Free Grammar Help—Restrictive Clauses— That or Which?
That or which? This is one of those "rules" that's not reall a rule. H.W. Fowler, a guru of grammar from the early 20th century promoted the idea of this differentiation. I like it, and I follow it, but in fact, you can do what you like. The grammar tools of MicroSoft Word follow this rule. If you see a green line under a clause, this may be the reason.
You use that with restrictive clauses and which with non-restrictive clauses. What, you say? What the heck is a restrictive clause? Restrictive clauses are ones that are essential to the meaning of the sentence. I.E. they "restrict" the meaning of the sentence. Here's a use of "that" with a restrictive clause: "This is the web page that describes the use of that or which." We see that the words "that describes the use of that or which" tells us exactly which web page we are talking about. It restricts the reference to a single web page. More information on Fowler's opinion.
When we use "which" we are just supplying extra information. It is not necessary for the meaning of the sentence. "The web page, which explains that or which, was uploaded in August." In this case, the extra information about the content of the web page was not essential to the meaning of the sentence, which was about the date of uploading. Notice that the non-essential information (the non-restrictive clause) is set off by commas. It acts just like an appositive.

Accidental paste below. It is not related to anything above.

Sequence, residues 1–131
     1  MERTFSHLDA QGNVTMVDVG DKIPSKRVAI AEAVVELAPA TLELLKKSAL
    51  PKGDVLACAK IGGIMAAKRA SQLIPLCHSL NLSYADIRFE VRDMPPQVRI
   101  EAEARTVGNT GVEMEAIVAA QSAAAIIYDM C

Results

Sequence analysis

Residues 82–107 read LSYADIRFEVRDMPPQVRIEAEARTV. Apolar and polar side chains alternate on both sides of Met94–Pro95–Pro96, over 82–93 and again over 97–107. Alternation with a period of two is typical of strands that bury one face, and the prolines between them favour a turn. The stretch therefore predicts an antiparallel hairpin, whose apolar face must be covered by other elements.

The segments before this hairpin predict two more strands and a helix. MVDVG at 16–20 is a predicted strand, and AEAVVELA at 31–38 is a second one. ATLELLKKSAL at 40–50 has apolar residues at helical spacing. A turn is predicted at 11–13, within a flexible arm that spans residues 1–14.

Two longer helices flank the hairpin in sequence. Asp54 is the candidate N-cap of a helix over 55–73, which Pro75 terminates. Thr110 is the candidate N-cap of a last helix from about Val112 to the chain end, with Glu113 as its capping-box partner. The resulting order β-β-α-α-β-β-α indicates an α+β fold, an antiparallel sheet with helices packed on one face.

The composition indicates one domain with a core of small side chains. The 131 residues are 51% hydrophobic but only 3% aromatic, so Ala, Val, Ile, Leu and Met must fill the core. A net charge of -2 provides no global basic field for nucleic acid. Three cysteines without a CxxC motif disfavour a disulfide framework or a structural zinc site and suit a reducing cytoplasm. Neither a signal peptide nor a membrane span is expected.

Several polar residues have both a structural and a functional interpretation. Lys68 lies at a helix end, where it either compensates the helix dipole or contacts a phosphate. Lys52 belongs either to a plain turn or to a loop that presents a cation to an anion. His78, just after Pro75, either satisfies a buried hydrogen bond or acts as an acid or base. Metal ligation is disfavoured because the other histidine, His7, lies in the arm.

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When you use the grammar checker in MicroSoft Word, it always prompts you to choose "that or which" when it sees these words. It likes to see a comma before which, expecting a non-restrictive clause. You need to be sure about what kind of meaning you are implying when you choose whether or not to include a comma. Here are some more examples of restrictive and non-restrictive clauses.
The woman that I met online is stalking me. (Important to know which woman.)
The trip that I made to Mexico was a success. (Tells us which trip.)
The dog that ate my homework belongs to my sister. (Tells us which dog.)
My brother who just returned from Mexico has a sunburn. (Tells us which brother.)
The party, which was in the church hall, was loud. (The location is not essential to the meaning of the sentence.)
My brother, who just returned from Mexico, has a sunburn. (Ha! fooled you, non-restrictive clauses don't always have to begin with "which.")
The sandwich, which the witch wished was Swiss cheese, was eaten by rich kids on a picnic. (OK, now I'm being silly, so time to end this page.)
What's important to note is that a non-restrictive clause needs a comma. The part that is added on doesn't change the meaning of the sentence (it doesn't restrict it). It just adds more information.